Darrell sat at the head of a long, metal table flanked by his sister, two nephews, a niece, and an attorney. As I approached, Darrell stood with a huge grin and his arms wide open in welcome. He introduced me to the others and asked me to sit immediately to his left. Two other attorneys arrived in the early afternoon. One of them said it was encouraging at this late date not to have heard from either the governor's office or from the Supreme Court regarding a delay for DNA testing.

Leaning over to speak with me privately, Darrell told me that a big regret was that he would be leaving his brothers on death row who had come to look upon him as their teacher, a vocation he had come to realize after a long depression. I reminded him that the title "rabbi" was attached to Jesus by his disciples. He related with satisfaction the admiration he enjoyed from his peers and brothers on death row and the notes of gratitude they had written him in the last few days expressing how their lives had been uplifted and changed by his encouragement and by what he wrote.

He told me how much he had come to depend on Esther Brown, his most trusted friend and loyal advocate for seven years. He had her to thank for bringing me into his life, he said. Then he reaffirmed his wish that I accompany him to the death chamber the next day. I agreed but did not allow myself to think of that scenario. At 4:30 p.m. the guards announced that it was time for visitors to leave.

On Thursday, July 26, I arrived at the prison at about 9:30 a.m. Only Esther was present in the visiting room with Darrell. It was through her devoted efforts that Darrell had come to terms with his innate talents, especially for poetry.

I had met Esther in 1967. She continues to take on her 74-year-old shoulders the burden of friendship and advocacy for death row inmates in Holman Prison. Esther and Darrell had worked tirelessly for a state moratorium on the death penalty through their in-house Project Hope for the End to the Death Penalty. Darrell was editor of its quarterly newsletter.

In the late morning Darrell's family members and the three lawyers trickled into the visitors' room. When the chaplain made an appearance, I successfully petitioned him at Darrell's urging to ask the warden to allow me to accompany Darrell into the death chamber. I dreaded the thought of that experience, but I wanted to fulfill Darrell's request and help ease the trauma that awaited him.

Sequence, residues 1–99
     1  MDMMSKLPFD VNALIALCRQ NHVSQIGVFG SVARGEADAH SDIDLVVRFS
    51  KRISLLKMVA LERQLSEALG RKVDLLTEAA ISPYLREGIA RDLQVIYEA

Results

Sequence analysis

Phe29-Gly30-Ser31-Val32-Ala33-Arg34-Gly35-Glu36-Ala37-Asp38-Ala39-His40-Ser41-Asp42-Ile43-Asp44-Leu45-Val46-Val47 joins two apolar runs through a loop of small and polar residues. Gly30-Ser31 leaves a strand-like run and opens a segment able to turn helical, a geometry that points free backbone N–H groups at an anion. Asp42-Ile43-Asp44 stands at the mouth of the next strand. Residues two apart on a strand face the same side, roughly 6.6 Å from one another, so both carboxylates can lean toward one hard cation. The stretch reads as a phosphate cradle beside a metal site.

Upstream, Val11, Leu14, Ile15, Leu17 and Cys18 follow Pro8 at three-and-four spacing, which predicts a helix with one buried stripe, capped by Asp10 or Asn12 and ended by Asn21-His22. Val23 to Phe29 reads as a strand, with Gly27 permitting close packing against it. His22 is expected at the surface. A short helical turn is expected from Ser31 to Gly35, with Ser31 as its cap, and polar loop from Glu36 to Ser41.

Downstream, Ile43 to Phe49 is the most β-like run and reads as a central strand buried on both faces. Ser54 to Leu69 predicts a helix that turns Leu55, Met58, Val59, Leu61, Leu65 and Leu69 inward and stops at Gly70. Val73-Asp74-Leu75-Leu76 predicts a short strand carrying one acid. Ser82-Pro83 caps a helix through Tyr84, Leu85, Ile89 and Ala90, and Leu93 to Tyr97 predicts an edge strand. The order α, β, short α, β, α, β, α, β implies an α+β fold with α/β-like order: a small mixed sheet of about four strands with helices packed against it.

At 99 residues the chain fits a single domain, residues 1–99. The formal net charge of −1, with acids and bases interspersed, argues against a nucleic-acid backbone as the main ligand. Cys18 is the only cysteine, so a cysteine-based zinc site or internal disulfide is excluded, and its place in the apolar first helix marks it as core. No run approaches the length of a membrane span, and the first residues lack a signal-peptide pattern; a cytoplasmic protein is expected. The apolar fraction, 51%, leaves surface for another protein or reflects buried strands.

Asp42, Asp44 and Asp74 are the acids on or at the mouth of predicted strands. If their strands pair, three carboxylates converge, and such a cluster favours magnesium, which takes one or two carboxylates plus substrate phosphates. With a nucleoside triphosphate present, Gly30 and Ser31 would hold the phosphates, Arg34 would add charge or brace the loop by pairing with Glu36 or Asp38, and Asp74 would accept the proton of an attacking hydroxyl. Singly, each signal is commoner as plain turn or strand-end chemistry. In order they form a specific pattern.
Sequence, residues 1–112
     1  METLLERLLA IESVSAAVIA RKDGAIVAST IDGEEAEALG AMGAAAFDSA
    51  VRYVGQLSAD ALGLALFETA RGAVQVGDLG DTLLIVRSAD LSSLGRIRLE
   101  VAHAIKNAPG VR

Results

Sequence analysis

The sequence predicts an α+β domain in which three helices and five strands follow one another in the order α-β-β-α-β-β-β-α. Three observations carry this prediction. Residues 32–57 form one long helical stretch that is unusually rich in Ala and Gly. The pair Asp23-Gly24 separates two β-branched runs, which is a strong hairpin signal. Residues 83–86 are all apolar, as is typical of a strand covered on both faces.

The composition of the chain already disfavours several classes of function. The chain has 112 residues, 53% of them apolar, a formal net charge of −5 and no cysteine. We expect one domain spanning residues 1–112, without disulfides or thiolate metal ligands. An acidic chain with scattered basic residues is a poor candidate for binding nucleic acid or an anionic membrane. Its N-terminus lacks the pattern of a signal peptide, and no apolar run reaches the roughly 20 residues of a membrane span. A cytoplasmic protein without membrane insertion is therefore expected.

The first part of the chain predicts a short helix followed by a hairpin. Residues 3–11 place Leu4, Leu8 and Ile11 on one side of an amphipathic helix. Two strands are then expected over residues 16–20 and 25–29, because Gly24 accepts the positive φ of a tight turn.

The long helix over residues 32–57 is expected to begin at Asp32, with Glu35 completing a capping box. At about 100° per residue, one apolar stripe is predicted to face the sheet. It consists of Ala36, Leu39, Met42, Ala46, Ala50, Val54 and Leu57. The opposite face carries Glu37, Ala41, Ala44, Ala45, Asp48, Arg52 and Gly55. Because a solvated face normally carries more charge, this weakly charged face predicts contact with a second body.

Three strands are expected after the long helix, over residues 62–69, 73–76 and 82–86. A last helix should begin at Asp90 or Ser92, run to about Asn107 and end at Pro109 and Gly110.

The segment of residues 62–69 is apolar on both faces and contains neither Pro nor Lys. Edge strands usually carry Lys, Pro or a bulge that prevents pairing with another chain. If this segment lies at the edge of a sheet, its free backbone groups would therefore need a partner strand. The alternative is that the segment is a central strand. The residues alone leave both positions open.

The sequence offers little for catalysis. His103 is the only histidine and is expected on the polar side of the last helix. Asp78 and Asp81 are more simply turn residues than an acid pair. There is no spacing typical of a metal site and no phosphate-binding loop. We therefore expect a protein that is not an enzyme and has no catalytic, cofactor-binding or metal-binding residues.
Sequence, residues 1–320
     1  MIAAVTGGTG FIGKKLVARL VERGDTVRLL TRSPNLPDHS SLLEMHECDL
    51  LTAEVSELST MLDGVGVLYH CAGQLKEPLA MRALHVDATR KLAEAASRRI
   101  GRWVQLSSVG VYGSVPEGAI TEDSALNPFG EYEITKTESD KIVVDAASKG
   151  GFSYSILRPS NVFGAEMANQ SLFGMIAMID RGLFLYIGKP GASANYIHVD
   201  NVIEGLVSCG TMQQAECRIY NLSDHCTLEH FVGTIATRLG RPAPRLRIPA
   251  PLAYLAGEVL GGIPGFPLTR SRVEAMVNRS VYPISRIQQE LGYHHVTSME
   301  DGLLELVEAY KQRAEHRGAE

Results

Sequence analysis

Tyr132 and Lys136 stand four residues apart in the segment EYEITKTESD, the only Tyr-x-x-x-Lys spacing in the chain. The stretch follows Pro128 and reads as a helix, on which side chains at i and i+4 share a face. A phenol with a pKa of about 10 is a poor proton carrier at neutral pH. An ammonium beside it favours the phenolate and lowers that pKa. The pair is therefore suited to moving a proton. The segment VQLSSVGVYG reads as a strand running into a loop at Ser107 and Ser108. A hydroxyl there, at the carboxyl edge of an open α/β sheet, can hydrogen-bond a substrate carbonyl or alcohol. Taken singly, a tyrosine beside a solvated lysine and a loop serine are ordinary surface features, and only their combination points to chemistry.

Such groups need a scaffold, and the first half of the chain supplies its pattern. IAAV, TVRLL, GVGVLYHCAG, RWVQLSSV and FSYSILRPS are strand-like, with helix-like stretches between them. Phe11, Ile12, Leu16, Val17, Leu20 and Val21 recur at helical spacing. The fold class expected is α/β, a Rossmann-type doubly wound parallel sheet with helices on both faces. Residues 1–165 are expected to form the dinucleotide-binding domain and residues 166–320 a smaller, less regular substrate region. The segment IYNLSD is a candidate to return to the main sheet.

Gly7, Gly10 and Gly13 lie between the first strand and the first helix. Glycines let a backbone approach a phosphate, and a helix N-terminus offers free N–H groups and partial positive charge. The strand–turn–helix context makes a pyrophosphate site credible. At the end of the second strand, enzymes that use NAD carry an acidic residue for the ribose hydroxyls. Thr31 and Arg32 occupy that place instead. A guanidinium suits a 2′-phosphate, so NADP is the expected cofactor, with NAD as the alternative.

Darrell was not as calm as he had been the previous day. He looked tired. When it came time, at noon, for him to take leave of his family members and lawyers, Darrell, with his lanky arm around each of their shoulders, individually embraced his niece, nephews, and his sister last, conversing privately with each of them for the last time.

I left shortly thereafter to allow Esther and Darrell to be together, assuring Darrell of my return. Later that afternoon one of the lawyers showed me Governor Riley's statement on Darrell's case, which said that the governor had no intention of granting a stay of execution. I surmised that the Supreme Court had also refused to intervene. It was a rejection of the recommendation of the Innocence Project, which was willing to bear the expense of the DNA testing.

I returned to the prison at 4 p.m. Esther said her final good-bye to Darrell about a half-hour later. Within 15 minutes six burly guards arrived along with the chaplain. Darrell was handcuffed and directed out. The chaplain and I followed behind the guards.

We made our way through the prison precincts, past somber-faced, silent prisoners observing the last walk of a man so many of them had come to admire. We passed through three security sections until we reached the death cell, whose stark, white walls had no windows. About 15 yards away was the open door to the execution chamber. It was lit up as bright as an operating room but only for the grim task of destroying human life. I could see the gurney where Darrell would lie for his execution by lethal injection.